All my personal FALs were built by:
    * Entreprise Factory
    * DSA Factory
    * Arizona Response Systems
    EAI offers a lifetime warranty on their factory-built rifles. I believe DSA does as well (but I'm not sure). Don't know about CAI. Expect accuracy to be about 3-4.5" with both DSA and EAI models, and same for a well built CAI.

    Here is a picture of mine, and a video as well. The video was an experiment, so excuse the amatuerish quality. Prices are CA prices. Oh, and BTW, if you decide to order let me know and I can hook you up with free shipping.
    http://www.youtube.com/watch?v=HiTJYnJFwO0
    dpbae8.jpg
     
  10. JonB

    JonB Member

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    Nice accessories.....
     
  11. silverlance

    silverlance Member

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    I know, I'm hot :neener:
     
  12. AndyC

    AndyC Member

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  13. Dr. Dickie

    Dr. Dickie Member

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    You were in that picture?
     
  14. W.E.G.

    W.E.G. Member

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    The rear sight on the rifle on the left is giving me extra elevation.

    You "pinch" those things to adjust???
     
  15. islandphish

    islandphish Member

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    People should know that the bolt hold open on a FAL is not a magical your gun is empty flag. The FAL charging handle is not reciprocal, meaning that the charging handle does not move each time the bolt moves.

    Also the charging handle is on the left side, it is designed to be used to charge the gun and then it will stick in the closed position, presumably to keep out debris, until the rifle needs charged again.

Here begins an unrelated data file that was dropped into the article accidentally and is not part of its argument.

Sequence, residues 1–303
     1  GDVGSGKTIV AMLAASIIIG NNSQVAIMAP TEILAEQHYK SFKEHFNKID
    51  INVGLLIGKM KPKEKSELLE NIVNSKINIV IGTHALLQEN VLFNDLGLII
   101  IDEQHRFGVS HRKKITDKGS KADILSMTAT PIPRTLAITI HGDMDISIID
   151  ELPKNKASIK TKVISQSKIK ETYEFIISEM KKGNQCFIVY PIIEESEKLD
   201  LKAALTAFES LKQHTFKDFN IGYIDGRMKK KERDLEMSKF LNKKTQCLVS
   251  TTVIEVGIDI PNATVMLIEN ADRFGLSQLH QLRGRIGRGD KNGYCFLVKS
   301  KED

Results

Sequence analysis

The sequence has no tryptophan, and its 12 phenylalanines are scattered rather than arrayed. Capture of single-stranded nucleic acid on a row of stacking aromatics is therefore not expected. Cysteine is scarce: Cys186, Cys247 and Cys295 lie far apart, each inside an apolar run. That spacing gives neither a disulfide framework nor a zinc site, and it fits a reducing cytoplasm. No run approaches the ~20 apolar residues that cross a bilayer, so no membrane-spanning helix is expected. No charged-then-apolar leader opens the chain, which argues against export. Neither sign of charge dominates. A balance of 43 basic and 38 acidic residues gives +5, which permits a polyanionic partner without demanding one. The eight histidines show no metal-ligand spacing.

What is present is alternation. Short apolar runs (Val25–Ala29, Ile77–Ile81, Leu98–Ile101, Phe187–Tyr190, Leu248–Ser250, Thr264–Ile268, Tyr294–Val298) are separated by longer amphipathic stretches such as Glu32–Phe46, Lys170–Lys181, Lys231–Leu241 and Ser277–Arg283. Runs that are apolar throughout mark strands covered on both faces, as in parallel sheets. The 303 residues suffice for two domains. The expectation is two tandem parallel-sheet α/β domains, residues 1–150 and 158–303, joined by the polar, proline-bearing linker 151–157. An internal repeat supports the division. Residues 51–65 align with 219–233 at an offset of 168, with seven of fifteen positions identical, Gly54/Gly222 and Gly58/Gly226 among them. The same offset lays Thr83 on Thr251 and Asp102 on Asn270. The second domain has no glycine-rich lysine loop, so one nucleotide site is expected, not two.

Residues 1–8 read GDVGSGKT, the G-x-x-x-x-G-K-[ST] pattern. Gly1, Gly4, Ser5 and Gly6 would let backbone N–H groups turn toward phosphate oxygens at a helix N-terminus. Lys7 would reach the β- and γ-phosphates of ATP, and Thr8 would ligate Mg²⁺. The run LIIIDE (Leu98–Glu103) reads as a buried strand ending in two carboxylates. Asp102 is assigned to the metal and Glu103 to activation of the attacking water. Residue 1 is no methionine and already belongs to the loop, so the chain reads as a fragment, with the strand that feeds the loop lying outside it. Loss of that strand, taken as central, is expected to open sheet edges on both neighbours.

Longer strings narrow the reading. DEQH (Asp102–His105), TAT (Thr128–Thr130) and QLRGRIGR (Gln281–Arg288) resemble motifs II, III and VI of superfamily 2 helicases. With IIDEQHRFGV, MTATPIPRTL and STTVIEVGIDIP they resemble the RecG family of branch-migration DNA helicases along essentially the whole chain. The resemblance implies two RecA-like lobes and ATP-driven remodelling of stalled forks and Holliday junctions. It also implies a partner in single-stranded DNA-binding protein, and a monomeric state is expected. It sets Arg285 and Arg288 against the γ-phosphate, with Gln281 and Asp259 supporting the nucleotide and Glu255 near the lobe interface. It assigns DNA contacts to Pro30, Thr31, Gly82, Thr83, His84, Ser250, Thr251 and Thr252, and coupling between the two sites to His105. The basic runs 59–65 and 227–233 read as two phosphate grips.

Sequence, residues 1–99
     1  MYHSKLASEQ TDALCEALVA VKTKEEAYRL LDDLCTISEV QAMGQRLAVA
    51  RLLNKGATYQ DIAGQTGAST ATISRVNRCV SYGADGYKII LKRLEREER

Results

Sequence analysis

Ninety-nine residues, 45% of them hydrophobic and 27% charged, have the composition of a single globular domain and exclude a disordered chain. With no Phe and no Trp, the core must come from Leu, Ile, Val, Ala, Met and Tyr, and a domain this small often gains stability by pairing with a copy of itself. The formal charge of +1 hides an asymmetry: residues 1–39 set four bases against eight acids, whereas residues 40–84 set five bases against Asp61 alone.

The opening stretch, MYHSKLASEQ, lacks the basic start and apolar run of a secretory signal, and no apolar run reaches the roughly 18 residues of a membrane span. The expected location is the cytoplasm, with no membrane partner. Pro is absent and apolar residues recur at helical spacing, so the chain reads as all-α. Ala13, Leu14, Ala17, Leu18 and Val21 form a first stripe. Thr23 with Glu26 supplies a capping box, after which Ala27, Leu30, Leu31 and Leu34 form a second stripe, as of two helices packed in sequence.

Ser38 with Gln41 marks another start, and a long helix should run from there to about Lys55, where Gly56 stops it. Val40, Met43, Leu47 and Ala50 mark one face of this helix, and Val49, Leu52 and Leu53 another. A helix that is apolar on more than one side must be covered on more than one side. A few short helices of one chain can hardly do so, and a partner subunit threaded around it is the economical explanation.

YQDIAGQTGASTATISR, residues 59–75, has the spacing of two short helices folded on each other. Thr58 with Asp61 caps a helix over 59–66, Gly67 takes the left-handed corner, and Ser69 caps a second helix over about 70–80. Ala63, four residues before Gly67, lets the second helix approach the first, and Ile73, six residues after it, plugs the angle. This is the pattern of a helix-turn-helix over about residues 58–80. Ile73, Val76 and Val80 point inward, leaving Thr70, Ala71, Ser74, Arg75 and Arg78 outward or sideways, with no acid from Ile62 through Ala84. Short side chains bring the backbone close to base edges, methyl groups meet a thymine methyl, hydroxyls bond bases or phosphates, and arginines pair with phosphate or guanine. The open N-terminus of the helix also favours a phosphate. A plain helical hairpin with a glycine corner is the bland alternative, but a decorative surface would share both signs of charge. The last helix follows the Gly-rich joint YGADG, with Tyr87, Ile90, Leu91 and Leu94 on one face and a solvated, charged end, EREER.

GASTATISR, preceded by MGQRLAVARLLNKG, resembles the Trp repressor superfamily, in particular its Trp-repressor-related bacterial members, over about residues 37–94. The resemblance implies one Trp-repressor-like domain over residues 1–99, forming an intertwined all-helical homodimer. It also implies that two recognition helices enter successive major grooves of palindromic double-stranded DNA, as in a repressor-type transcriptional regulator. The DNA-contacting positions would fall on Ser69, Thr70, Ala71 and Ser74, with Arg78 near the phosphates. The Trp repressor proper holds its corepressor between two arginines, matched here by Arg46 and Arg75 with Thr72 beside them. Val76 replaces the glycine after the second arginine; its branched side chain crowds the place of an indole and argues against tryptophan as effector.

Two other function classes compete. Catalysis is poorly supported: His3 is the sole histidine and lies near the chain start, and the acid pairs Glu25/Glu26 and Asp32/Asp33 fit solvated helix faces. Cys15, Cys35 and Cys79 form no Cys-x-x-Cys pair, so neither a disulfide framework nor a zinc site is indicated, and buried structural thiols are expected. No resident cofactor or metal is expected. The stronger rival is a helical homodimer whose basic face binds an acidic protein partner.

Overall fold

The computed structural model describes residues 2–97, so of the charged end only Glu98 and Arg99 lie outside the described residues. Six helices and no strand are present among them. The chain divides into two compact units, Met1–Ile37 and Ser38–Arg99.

The bolt hold open does keep the bolt and carrier back but the only way you can tell is if you look on the ejection port on the right side opposite of the charging handle.

    What does this mean? Right handed shooters won't even be able to see that the bolt is being held open unless they crane around to look at the right side of the rifle. The bolt will be held open but the charging handle will be forward and closed.

    I can't see how this form of bolt hold open is any advantage over an absent hold open like on Saigas or PTR-91's.

    Since you can't see that the hold open is indeed holding open you are about as likely as with any non-hold open rifle to squeeze and find yourself with an empty rifle.
     
  16. W.E.G.

    W.E.G. Member

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    I think like the Brits.

    I believe the bolt hold-open is a potential liability. If it hangs up on the mag follower, you in a heap'a trouble boy.

    My experience with the bolt hold-open blues: http://www.falfiles.com/forums/showthread.php?postid=1282110

    A FAL is more reliable WITHOUT the BHO feature.
     
  17. Koblenz

    Koblenz Member

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    I appreciate all the advice. Unfortunately this weekend I had to write a very big check to the IRS, and I don't think I can afford a $900 rifle at this time. The Saiga sounds like a good rifle and reasonably priced, but then the high cap magazines for them go for $50-$60 each, so a Saiga well-equipt with extra mags will end up costing as much as an FAL.

    I do have one larger caliber rifle battle rifle than my AR-15 and AK-47. It is an FN49 in 8mm. The surplus 8mm ammo is pretty cheap so that may have to do for my large caliber rifle until better times financially arrive.

    Based on the comments above I think I would still avoid anything made by CAI. Even if some of them work fine, I don't think they put on the tags, "This one works", or "This one is junk". So buying one is still a gamble.
     
  18. Ash

    Ash Member